between z = 0 and z = 1.83.
Using a table, we see that A = 0.466 when z = 1.83.
Therefore, 46.6% of the data values lie between 0 and –1.83.
Using z-Scores on a calculator
The equation for the standard normal distribution is
y
e
 x2
2
2
1) Enter the function in
Y=
2) Set the WINDOW as
Xmin = -5
Xmax = 5
Ymin = -0.2
Ymax = 0.5
3) To calculate the area under the normal distribution curve find the associated
percentages, go to
2nd TRACE
choose 7: f(x)dx
and then enter the z-values.
Using z-Scores on a calculator cont. (2)
Example: Use a calculator to verify the percentage of
data (area under the curve) that lie in the following
regions for a standard normal distribution:
a)
between z = 0 and z = 1.3
b)
between z = 1.5 and z = 2.1
c)
between z = 0 and z = –1.83
a) 40.3%
b) 4.9%
c) 46.6%
Converting Raw Scores to z-Scores
1) See how far the raw score is from the mean.
i.e. Take the difference
x-μ
2) See how many standard deviations are in that
distance.
i.e. Divide that difference by σ
Converting Raw Scores to z-Scores cont. (2)
Example: Suppose the mean of a normal distribution
is 20 and its standard deviation is 3.
a) Find the z-score corresponding to the raw score 25.
b) Find the z-score corresponding to the raw score 16.
Applications
• Example: Suppose you take a standardized test. Assume that
the distribution of scores is normal and you received a score
of 72 on the test, which had a mean of μ = 65 and a standard
deviation of σ = 4. What percentage of those who took this
test had a score below yours?
• Example: Consider the following information:
1911:
Ty Cobb hit .420.
Mean average was .266 with standard deviation .0371.
1941:
Ted Williams hit .406.
Mean average was .267 with standard deviation .0326.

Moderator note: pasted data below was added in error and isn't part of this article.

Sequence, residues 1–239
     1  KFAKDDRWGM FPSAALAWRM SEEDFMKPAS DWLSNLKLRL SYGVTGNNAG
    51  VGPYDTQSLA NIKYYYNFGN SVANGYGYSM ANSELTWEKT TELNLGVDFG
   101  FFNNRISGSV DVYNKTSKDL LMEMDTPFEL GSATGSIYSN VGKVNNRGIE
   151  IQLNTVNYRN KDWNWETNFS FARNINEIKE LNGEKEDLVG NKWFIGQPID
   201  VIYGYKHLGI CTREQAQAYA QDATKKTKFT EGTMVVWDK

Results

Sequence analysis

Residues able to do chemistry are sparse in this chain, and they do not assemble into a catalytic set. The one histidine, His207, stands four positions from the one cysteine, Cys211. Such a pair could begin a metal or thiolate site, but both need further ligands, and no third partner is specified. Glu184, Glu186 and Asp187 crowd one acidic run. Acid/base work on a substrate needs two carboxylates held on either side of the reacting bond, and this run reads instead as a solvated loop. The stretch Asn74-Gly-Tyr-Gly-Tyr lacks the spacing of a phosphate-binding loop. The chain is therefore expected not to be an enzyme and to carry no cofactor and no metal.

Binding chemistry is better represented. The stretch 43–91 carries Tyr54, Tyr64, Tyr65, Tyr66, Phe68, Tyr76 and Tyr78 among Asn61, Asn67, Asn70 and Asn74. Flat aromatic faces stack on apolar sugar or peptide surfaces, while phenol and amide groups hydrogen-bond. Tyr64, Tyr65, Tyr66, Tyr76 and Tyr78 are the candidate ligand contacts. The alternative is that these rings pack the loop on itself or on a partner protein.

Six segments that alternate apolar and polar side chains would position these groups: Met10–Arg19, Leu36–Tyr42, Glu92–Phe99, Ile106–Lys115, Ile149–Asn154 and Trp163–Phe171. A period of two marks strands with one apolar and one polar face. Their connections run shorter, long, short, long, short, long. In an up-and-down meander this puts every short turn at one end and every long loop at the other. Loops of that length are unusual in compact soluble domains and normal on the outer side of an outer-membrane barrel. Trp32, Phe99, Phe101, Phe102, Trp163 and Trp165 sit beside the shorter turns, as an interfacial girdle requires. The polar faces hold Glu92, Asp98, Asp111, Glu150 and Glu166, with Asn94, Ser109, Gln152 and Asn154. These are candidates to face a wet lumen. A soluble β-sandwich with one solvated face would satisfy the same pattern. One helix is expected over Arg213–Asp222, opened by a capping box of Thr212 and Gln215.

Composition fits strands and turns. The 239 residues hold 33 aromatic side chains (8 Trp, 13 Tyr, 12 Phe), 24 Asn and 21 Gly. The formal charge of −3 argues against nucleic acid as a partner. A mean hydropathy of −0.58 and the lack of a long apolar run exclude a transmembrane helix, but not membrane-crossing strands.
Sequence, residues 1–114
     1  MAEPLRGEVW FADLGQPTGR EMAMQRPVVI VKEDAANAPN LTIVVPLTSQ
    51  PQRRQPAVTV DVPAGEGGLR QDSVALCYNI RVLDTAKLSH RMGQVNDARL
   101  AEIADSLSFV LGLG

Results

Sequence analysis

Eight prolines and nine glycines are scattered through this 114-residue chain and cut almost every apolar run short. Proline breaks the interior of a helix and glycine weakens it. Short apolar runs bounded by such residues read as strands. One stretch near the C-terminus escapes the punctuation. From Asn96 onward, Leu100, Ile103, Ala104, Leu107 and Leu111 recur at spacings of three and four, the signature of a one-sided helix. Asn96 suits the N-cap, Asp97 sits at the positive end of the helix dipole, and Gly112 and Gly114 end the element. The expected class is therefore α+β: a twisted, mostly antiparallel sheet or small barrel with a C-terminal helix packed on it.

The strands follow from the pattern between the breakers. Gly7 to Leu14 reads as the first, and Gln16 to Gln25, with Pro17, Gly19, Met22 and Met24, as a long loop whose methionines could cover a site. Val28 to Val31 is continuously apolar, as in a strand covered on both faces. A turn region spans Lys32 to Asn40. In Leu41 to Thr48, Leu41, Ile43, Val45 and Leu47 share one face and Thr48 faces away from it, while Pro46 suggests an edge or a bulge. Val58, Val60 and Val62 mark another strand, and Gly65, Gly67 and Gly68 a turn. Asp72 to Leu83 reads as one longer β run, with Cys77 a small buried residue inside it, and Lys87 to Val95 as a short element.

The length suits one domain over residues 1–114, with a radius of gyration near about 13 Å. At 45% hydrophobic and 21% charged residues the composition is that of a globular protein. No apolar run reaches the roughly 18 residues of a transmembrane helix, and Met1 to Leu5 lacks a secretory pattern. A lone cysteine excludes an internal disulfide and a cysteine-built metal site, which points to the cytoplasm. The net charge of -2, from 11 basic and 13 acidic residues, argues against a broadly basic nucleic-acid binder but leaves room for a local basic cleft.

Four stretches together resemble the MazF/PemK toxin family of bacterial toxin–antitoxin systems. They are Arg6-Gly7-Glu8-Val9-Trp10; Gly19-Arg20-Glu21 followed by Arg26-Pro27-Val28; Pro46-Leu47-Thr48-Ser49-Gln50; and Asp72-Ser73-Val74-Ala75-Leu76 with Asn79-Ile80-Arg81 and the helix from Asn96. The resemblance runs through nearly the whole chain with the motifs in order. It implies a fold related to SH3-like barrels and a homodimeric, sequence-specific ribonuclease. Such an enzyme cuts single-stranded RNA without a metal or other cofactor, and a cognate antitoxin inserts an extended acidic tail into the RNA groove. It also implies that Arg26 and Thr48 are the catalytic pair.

1980:
George Brett hit .390.
Mean average was .261 with standard deviation .0317.
Assuming normal distributions, use z-scores to determine which of
the three batters was ranked the highest in relationship to his
contemporaries.
Applications cont. (2)
A manufacturer plans to offer a warranty on an electronic device. Quality control
engineers found that the device has a mean time to failure of 3,000 hours with
a standard deviation of 500 hours. Assume that the typical purchaser will use
the device for 4 hours per day. If the manufacturer does not want more than
5% to be returned as defective within the warranty period, how long should
the warranty period be to guarantee this?
Solution:
We need to find a z-score
such that at least 95% of the area is beyond
this point. This score is to the left of the
mean and is negative.
By symmetry we find the z-score such that 95% of the area is below this score.
Applications cont. (3)
50% of the entire area lies below the mean, so our problem reduces to
finding a z-score greater than 0 such that 45% of the area lies between the
mean and that z-score.
If A = 0.450, the corresponding z-score is 1.64. 95% of the area
underneath the standard normal curve falls below z = 1.64. By symmetry,
95% of the values lie above –1.64.
Since
, we obtain
Then solving for x gives
Owners use the device about 4 hours per day, so we divide 2,180 by 4 to get
545 days. This is approximately 18 months if we use 31 days per month.
The warranty should be for roughly 18 months.